The truth always outs

Vindicated: David Walsh  - CREDIT: Rhianna Dawes

Vindicated: David Walsh – CREDIT: Rhianna Dawes

David Walsh, chief sports writer at The Sunday Times and the man who uncovered Lance Armstong’s dishonest past, presented a lecture at Portsmouth’s Guildhall this week, writes Will Carpenter, third year journalism student at the University of Portsmouth.

‘My Pursuit of Lance Armstrong’, organised by the University, detailed Walsh’s 14-year pursuit of the disgraced American cyclist and the fascinating journey to unmasking sport’s biggest fraud.

For Walsh, the period since Lance Armstrong’s doping confessions has been very busy.

“It’s been fantastic that people want to hear the truth now, because for so long, the one thing people didn’t want to hear was the truth, it’s come full circle,” he said.

Walsh spoke to a crowd of more than 600 at the Guildhall about his eventful and at times stressful quest to bring Armstrong to justice, including facing legal action from Armstrong and being abandoned by his fellow professionals on a roadside in Belgium.

Journalism lecturer Mary Williams and David Walsh

Journalism lecturer Mary Williams and David Walsh          – CREDIT: Rhianna Dawes

The group of journalists he had arranged to travel with during the Tour de France told him he was no longer welcome in the car because his pursuit of Armstrong meant that the American would not speak to him, or anyone associated with him.

Lance Armstrong had labelled David Walsh ‘a troll,’ publicly questioned his ethics and integrity and taken legal action against his newspaper. Despite this, Walsh, who will spend next week at Team Sky’s training camp, said he had never considered quitting.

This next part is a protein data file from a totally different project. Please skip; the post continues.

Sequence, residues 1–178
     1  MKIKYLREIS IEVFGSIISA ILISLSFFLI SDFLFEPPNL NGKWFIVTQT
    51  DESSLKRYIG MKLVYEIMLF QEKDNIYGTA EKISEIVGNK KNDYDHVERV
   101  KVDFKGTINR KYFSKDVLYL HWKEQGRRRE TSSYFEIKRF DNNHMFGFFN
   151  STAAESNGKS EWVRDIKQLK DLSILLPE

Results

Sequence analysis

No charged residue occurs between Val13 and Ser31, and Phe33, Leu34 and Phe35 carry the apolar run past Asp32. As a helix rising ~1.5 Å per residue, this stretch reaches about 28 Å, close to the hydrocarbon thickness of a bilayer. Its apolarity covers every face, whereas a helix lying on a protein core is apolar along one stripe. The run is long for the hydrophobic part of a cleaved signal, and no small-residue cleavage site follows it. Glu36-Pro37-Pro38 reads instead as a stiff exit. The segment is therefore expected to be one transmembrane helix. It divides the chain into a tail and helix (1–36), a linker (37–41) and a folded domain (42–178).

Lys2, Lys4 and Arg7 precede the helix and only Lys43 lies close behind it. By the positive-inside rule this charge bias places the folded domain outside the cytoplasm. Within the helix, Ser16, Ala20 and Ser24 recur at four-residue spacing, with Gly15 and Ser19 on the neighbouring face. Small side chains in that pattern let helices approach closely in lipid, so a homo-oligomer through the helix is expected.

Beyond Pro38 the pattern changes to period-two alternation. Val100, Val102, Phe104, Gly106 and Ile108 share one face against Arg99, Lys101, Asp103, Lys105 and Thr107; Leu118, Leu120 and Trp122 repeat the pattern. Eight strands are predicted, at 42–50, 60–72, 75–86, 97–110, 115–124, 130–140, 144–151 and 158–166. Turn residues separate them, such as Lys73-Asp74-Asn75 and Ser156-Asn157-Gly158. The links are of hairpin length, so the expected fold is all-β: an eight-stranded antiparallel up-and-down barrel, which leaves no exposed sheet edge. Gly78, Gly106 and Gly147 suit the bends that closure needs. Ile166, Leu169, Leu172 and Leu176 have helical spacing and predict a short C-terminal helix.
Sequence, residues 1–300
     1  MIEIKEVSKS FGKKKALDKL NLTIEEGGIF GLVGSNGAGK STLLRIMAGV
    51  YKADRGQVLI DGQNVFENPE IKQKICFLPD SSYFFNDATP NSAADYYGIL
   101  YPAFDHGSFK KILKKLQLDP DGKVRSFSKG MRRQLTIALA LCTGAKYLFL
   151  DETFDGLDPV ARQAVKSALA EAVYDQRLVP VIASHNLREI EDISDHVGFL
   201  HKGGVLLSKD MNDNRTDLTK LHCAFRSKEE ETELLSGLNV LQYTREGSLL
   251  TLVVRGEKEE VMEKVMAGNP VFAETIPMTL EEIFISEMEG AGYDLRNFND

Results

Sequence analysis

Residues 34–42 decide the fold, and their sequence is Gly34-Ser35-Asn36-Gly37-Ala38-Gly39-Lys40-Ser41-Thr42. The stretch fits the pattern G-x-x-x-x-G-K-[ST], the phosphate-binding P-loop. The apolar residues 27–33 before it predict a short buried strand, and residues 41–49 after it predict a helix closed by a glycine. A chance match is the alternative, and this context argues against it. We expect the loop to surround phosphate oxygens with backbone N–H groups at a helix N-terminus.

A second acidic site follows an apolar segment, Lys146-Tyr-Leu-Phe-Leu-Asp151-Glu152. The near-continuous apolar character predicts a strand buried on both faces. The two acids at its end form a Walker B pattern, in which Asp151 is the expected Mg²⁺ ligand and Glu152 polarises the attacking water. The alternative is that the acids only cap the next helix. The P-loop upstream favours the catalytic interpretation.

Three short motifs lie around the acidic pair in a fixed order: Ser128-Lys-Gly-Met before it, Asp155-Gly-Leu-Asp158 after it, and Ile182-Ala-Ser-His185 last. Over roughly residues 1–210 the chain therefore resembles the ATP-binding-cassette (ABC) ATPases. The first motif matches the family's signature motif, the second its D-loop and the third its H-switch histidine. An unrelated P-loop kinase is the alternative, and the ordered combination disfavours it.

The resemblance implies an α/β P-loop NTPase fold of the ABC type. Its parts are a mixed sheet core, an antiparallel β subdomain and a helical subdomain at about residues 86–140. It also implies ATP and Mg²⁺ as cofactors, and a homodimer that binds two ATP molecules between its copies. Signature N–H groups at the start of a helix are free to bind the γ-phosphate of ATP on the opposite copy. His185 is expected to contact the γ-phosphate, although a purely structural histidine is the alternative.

“I felt the only way I could sustain the feeling that I had in terms of respect was to ask questions. I couldn’t persuade enough people to talk to me or help with the investigation, I didn’t regard that as failure because important people were basically covering up for the way cycling had gone,” he said.

“UCI didn’t want to catch Armstrong; sponsors didn’t want to catch him, the Tour de France company didn’t want to. His team, the doctors, everyone was covering up for him.

“I didn’t feel like: ‘Oh, this is affecting your integrity.’ I mean people thought that I was wrong, but I felt I was getting it right and I didn’t care what other people thought, I cared that I was doing the right thing.”

Walsh’s inquiry uncovered one of the most sophisticated doping schemes in sporting history and led to the downfall of a man previously considered by many to be one of the greatest athletes of all time. But in Walsh’s opinion, Lance Armstrong’s biggest crime was not doping or in fact the legacy he built on false pretences.

“His greatest crime was the bullying and the way he set out to destroy people’s lives,” he said.

“Many people have doped, but not many people have gone to the lengths he went to protect his lie. I suppose a huge problem for me was the way he duped the cancer community – to actually go out there and make yourself out to be this iconic figure to people affected by this horrible disease. He was prepared to accept all the plaudits, all the human worship, knowing that he was the author of the biggest lie the sport had ever known.”

The free public lecture attracted the largest audience the University public lecture series has ever attracted including students and staff from the University and members of the public. It was made possible because journalism lecturer Mary Williams contacted the journalist and writer, inviting him to speak to her students.

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  1. Sounds like a great lecture. So why wasn’t this public lecture more widely promoted around campus? I never heard about it.

    • We are sorry you didn’t hear about it, but it was widely advertised on campus, on our website and on Twitter, in the local paper and on local radio.

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